CESAREAN BIRTH: THE NIGERIAN EXPERIENCE

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The one thing I love best about Nigeria is how our culture shapes us and the mix of religion to it makes it more wonderful, it literally influences every aspect of our lives from how to relate with people especially the elderly to the kind of food we eat and the cloth we wear. Growing up as a child we are ingrained with different beliefs, one thing that I know is hardly ever discussed in a Nigerian home is pregnancy and birth, in short it’s like a taboo for people to even know you are pregnant till the bump really comes out and when it comes out and you notice its best you don’t come out blatantly and ask about the pregnancy if you are not a close friend or adult.

I grew up with the fear of cesarean birth too; not to exaggerate it’s not fear I just had it in my head that cesarean birth is bad not an option with little or no knowledge about it. I remember some years back my cousin was pregnant and had to deliver through cesarean birth, I was literally panicking for her, and it was like ‘What! C-section why c-section?, what happened?” it was like a great affliction befell her at that point, but she came out fine and good and baby was fine( found out later she had a small pelvis and didn’t have sex throughout her period of pregnancy) now at this point am like no way I must have sex during pregnancy no c-section for me. I got the opportunity to come in contact with more pregnant women and mothers and then  I heard the words “I would give birth like the Hebrew woman” to be sincere these very words used to annoy me to my very bones, I was at a point in my life where I was more knowledgeable about c-section and more accepting of it ,I didn’t even mind having one ; so these words didn’t make sense to me. To me c-section was like no stress, no pushing, no pain, no laboring for 18 hours or more so it just seemed like the best option for me.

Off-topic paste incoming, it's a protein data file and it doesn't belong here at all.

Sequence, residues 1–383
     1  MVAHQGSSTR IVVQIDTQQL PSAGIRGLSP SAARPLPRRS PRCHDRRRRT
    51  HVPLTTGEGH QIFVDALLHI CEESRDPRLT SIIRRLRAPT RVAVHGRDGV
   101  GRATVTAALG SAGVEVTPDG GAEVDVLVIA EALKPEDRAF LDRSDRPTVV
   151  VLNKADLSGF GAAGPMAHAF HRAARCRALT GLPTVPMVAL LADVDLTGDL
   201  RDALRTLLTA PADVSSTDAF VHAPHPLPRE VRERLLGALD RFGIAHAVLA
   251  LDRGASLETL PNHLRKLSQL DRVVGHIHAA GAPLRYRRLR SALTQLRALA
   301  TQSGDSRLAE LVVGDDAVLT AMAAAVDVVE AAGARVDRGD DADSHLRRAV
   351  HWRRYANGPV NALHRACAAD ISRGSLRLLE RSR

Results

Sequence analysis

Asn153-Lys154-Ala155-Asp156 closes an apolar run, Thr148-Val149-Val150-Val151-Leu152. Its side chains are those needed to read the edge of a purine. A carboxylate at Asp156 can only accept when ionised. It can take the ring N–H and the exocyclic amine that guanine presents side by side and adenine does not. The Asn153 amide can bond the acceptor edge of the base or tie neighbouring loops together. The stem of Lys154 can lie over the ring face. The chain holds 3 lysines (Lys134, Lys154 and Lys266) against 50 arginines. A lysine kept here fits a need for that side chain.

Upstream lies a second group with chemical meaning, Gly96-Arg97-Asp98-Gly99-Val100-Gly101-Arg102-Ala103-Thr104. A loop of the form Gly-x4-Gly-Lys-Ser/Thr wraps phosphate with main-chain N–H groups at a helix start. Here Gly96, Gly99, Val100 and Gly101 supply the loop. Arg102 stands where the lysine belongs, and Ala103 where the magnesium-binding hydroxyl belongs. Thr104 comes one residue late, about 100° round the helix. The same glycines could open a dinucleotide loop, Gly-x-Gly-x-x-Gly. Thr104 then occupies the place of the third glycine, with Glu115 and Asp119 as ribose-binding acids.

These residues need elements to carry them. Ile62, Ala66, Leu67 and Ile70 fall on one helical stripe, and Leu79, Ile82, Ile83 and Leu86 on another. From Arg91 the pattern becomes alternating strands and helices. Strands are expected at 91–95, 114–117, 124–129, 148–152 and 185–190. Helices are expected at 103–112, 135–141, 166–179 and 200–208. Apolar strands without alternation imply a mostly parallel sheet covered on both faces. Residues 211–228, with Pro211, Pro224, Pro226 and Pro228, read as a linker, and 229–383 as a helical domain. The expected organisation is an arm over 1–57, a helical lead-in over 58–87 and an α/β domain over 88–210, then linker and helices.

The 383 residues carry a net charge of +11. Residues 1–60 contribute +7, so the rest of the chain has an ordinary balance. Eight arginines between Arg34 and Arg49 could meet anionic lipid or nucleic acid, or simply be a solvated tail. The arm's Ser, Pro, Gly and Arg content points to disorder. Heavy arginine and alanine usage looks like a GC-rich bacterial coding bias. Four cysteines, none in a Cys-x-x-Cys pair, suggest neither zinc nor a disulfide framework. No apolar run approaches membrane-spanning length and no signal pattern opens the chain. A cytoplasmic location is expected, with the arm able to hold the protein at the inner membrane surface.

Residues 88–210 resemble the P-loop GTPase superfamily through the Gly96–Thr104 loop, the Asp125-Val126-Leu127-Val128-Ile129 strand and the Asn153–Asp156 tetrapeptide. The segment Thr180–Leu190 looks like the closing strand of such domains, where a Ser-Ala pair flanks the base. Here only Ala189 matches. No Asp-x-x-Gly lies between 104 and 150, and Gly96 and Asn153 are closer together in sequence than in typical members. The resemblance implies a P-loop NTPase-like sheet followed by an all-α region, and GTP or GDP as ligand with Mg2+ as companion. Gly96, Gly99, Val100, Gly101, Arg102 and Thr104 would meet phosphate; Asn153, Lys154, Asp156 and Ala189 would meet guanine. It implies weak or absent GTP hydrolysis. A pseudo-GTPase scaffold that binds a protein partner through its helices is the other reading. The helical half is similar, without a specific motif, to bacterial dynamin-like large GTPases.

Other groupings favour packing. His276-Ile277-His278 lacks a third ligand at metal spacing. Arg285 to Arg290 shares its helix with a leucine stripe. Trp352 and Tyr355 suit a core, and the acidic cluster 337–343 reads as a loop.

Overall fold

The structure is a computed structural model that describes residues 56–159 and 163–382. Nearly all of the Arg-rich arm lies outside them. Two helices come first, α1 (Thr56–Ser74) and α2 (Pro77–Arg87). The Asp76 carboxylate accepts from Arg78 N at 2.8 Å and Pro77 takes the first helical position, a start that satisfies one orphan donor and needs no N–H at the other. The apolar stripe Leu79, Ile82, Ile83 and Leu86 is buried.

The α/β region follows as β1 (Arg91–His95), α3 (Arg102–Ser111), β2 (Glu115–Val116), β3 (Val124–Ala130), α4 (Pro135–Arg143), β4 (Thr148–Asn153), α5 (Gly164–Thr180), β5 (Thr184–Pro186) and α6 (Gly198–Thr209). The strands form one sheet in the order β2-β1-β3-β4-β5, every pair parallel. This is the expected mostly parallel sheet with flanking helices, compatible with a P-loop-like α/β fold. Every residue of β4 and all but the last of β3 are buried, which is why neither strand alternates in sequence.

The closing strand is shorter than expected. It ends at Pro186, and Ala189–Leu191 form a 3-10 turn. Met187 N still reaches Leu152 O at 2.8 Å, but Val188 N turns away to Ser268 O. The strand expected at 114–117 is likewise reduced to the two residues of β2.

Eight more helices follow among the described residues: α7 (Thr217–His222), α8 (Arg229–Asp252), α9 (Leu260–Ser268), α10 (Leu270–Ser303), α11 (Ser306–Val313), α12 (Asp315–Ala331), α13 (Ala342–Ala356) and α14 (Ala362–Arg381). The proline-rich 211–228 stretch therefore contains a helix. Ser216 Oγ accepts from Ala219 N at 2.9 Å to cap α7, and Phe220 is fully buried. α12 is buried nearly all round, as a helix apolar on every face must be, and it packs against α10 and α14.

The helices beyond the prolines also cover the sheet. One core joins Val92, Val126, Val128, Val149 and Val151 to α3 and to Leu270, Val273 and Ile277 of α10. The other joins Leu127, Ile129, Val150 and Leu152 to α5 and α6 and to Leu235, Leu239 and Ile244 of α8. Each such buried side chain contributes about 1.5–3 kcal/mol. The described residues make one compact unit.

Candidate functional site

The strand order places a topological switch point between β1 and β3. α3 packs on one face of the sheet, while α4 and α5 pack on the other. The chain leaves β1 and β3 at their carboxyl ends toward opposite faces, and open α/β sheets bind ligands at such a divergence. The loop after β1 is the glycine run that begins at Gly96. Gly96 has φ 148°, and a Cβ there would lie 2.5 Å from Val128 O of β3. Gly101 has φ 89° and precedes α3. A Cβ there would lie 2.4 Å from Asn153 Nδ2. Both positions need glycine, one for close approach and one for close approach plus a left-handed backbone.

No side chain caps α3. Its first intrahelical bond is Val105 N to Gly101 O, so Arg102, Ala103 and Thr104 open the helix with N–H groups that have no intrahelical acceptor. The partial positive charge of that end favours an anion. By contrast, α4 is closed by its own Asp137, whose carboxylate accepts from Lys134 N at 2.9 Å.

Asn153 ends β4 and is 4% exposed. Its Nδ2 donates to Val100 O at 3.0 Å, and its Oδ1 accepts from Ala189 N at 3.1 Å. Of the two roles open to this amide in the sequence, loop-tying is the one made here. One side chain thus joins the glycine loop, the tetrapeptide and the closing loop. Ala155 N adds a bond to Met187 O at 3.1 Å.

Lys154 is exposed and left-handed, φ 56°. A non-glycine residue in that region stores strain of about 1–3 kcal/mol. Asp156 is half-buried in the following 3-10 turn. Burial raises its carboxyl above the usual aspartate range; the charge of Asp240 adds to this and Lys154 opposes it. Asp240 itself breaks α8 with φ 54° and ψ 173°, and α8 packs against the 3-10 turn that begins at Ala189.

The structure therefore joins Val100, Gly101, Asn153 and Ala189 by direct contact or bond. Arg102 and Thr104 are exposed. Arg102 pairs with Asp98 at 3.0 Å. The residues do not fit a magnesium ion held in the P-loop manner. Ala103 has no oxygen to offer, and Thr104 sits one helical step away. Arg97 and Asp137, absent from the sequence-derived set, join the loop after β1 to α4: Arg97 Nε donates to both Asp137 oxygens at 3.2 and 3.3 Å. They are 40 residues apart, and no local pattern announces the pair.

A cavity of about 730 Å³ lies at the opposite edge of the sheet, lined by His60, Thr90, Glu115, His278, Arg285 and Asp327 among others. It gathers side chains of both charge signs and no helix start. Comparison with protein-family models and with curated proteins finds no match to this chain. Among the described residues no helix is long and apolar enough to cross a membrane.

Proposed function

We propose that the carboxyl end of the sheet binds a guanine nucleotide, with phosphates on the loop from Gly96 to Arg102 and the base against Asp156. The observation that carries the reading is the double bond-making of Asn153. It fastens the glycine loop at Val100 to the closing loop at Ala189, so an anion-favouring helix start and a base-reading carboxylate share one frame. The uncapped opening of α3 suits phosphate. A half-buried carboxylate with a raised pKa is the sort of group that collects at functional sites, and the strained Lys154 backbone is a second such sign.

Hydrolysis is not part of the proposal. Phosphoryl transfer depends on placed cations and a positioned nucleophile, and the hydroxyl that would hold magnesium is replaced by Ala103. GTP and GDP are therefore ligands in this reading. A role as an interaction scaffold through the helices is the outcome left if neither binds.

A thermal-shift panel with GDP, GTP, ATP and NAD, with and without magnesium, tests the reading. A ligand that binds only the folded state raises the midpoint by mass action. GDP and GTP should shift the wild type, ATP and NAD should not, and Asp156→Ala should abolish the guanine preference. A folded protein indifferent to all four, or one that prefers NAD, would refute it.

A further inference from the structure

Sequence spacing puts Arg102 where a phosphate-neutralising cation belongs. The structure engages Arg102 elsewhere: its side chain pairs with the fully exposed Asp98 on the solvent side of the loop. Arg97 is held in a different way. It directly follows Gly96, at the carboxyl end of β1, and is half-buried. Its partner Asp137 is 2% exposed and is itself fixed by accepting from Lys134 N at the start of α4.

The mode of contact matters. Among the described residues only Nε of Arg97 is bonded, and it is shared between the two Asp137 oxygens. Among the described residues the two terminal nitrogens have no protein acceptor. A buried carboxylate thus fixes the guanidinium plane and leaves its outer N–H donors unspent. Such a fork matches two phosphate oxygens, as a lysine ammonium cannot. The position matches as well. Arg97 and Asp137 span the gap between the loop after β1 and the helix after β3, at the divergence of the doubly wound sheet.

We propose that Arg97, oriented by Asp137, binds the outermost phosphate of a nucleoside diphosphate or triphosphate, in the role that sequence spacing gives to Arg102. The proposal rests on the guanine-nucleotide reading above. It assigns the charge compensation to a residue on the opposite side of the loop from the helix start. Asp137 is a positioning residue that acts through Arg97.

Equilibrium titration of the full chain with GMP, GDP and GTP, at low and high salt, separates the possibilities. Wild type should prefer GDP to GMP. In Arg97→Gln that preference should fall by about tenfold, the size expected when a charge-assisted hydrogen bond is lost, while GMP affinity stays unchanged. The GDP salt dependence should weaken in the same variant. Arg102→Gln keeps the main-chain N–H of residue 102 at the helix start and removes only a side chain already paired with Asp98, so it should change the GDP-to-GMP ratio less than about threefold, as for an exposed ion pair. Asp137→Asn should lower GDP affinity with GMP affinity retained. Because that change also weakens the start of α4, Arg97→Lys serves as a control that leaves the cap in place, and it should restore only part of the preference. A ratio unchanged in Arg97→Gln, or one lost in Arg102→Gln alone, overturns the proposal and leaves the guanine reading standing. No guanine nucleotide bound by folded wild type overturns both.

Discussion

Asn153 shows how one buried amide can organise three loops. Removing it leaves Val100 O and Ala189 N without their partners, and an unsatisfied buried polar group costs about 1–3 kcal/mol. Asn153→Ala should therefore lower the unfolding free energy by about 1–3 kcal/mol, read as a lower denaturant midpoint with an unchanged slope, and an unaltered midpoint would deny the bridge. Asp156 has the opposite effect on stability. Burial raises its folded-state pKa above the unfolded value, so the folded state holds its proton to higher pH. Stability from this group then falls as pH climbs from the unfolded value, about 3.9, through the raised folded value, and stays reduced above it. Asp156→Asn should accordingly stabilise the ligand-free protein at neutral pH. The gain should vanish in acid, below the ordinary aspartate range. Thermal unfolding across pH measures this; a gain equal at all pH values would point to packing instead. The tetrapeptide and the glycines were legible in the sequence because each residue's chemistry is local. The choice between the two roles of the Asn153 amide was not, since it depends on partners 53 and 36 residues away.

Fast forward to recent events, I realized that Nigerian women run from c-section a lot and this has cost some of these women their lives and the lives of their babies. once had a client who was advised to have a c-section she literally rejected it on the spot we counseled her and did all the necessary talk but well it didn’t work because she didn’t come back for the c-section. One day she was wheeled in for an emergency c-section and we narrowly saved her life, the baby was far gone. I was quite sad and angry about this case because she eventually had a c-section for a dead baby when she could have had one for a live baby and now she had to deal with grief. From this and other c-section stories have heard I learnt it never really goes well if you are to go for a c-section and you don’t  just maybe a few exceptions to the rule because I believe in exceptions , truth be told nobody wants to really subject anyone under the knife c-section is a last resort most times. Right now I have moved from considering a c-section to wanting a vaginal delivery there is nothing like having nature take its course, but not everyone would have a vaginal delivery.

So what is the moral lesson to what have been saying ,I know some are wondering well basically all am trying to say is if you have been advised to have a c-section don’t run away and put your life into the hands of a quack. If you don’t see reasons why you should have one talk to your doctor or midwife they would be glad to explain to you the reason you can’t have a vaginal delivery am sure you would see reason with them.

I definitely wish everyone a safe delivery however way you have it the goal is a healthy mother and healthy baby.

 sharing excites me, share  your cesarean birth story with me

2 thoughts on “CESAREAN BIRTH: THE NIGERIAN EXPERIENCE

  1. I totally agree with you. I have encountered a man whose wife gave birth with a c-section. He was stressed due to the fact that relatives were complaining upandan about allowing his wife to have a CS. Instead of just rejoicing about the health of mother and child.
    The Nigerian mentality towards some particular things is quite backward.

    Like

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